Thursday, November 18, 2010

Typical Escrow Closing costs for Buyers

First time buyers will often wonder how much their closing costs would amount to. Below is a typical breakdown of costs. In bank involved transactions, buyer also pays certain other costs that banks will not pay eg. First year Home Warranty coverage ($285-$355), third party disclosure source document ($123), etc. From a planning standpoint, we give a 0.7-1% rule of thumb depending on whether it is a short sale, foreclosure, or regular sale. The lender will also require an appraisal ($450) to ensure that the buyer is not overpaying and that the lien on the property is covered by the value of the property. Buyers also get a physical inspection done by a licensed inspector ($400) – just like getting a car checked out prior to purchase.

Offer Price: $525,000
Loan Amount: $417,000

Escrow Fee: $1037.50
Loan Tie-in: $250.00
(one) HOA fees: $150.00
Electronic Download: $200.00
Archival Fee: $24.50
Overnight Fee: $30.00
Title Insurance: $611.00
Endorsements: $200.00
Wire Fee: $25.00
Sub-escrow fee: $62.50
Notary Fee: $150.00
Recording Fee: $160.00
Total: $2900.50

Additional fees:
HOA plus tax proration
Lender’s closing costs calculated once escrow receives the loan docs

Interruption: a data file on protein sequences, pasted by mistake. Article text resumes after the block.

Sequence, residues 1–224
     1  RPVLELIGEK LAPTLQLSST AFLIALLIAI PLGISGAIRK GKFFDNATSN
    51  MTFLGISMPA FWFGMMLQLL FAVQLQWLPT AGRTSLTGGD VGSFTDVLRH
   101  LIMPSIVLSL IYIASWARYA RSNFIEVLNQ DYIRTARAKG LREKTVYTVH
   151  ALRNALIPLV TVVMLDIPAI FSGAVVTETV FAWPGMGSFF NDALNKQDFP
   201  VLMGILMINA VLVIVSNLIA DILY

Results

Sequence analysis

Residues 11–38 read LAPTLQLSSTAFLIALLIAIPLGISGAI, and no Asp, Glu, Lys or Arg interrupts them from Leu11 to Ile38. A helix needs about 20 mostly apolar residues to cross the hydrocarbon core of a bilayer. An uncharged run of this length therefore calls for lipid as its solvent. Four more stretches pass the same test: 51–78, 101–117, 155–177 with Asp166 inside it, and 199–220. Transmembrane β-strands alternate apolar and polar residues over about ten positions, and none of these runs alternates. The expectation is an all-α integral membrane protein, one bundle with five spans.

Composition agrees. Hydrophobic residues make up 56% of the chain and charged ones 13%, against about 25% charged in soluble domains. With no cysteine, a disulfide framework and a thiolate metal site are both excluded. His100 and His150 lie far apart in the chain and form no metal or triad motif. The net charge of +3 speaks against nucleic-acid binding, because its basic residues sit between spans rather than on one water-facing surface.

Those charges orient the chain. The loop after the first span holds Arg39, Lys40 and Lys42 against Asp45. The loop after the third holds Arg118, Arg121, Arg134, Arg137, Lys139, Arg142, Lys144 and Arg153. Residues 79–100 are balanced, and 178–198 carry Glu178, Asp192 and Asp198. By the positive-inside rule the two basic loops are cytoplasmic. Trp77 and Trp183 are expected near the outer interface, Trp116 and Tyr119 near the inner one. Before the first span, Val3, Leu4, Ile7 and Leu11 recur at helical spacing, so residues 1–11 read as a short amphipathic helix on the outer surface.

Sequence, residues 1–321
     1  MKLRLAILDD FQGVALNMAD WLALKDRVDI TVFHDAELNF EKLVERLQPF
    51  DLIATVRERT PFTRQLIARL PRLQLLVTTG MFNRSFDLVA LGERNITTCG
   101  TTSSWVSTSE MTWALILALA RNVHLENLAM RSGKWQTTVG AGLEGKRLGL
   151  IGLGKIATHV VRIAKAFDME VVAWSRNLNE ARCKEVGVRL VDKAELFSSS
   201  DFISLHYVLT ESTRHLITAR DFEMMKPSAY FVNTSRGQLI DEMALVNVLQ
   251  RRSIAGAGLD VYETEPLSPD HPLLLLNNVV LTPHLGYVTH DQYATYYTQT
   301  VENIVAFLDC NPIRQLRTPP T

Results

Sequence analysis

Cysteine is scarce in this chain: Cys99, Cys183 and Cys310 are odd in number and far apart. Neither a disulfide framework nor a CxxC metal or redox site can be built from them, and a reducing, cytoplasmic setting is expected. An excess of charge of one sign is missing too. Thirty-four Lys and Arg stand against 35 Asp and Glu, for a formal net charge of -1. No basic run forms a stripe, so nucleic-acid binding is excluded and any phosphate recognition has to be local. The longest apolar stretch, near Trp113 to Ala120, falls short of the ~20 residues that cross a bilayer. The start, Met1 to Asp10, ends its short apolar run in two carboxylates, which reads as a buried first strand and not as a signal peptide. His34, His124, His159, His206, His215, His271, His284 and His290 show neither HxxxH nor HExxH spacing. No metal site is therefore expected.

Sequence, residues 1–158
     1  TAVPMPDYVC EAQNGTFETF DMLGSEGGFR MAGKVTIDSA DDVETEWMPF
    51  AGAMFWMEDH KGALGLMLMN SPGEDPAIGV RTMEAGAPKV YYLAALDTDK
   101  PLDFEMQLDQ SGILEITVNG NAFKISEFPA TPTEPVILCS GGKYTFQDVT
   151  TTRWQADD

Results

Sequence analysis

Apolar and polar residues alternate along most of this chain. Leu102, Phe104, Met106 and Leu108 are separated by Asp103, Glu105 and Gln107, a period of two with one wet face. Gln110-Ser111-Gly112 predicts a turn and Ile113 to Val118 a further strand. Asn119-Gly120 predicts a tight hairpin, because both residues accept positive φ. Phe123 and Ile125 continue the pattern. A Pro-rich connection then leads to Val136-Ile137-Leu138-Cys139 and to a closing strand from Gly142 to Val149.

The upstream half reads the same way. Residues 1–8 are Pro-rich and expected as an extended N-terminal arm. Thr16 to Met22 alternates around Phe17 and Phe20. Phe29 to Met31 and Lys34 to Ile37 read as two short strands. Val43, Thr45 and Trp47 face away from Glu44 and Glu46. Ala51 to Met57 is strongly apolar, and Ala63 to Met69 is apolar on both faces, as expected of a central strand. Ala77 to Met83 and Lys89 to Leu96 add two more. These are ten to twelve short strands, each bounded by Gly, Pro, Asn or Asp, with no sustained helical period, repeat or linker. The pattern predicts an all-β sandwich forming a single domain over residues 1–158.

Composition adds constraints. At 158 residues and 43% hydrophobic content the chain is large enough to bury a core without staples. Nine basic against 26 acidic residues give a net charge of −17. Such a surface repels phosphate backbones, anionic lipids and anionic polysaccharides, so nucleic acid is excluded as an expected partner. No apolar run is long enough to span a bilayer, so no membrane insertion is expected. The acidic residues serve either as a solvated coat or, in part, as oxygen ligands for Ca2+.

One month’s HOA dues for the buyer.

For Buying or Selling, You Need a Teacher that gives you straight answers. For more information on buying, selling, or renting out an income property in San Diego, please call Frank Rashid's cell phone at (858) 676-5250 or email him at More to follow within the next couple of weeks.

Wednesday, November 10, 2010

First Time Home Buyer Q&A

First Time Home Buyer Q&A

1. The description in one of the listing says - "LIGHT TLC NEEDED TO MAKE THIS HOME SHINE". Do you know what this means?

Answer: TLC = Tender Loving Care – it is a nice way of saying home needs cosmetic repairs

2. "Ownership - Fee Simple", "Ownership - PUD", "Possession - Close of escrow", "Corporate-owned. * * * AGENTS: READ CFR * * *" - What does these different terms indicate?

Answer: Ownership – Fee Simple: You own the lot and land – city/county typically owns the roads/driveways leading up to it.
Ownership – PUD – Planned Unit Development – you own the property but there is a shared interest in the common areas e.g. driveways, etc.
Agents: Read CFR - CFR = Confidential Remarks is an MLS communication field used for broker-to-broker communication that is not to be shared with the general public on the internet for security purpose e.g. showing information, gate codes, lock box codes, contact phone numbers, etc.

3. When the listing says - "Pets - Yes". Does this mean that the house has/had pets OR is it OK to have pets in the community for new owner?

Pets – Yes – means rules and regulations of the community (aka CC&Rs) allows pets. Sometimes it will say Pets - Yes, with restrictions. This means that pets are allowed but may have size/weight restrictions to ensure that someone doesn't have a caged 150lb Siberian Tiger in their townhome and classify it as a pet.

4. One of the houses had this description- "...Its many upgrades include travertine, Berber carpet, custom paint, surround sound,..."? Do you know what travertine, or berber carpet is? What is vinyl flooring? And as far as pricing is concerned how is vinyl compared to hardwood, engineered wood, tile, or carpet flooring?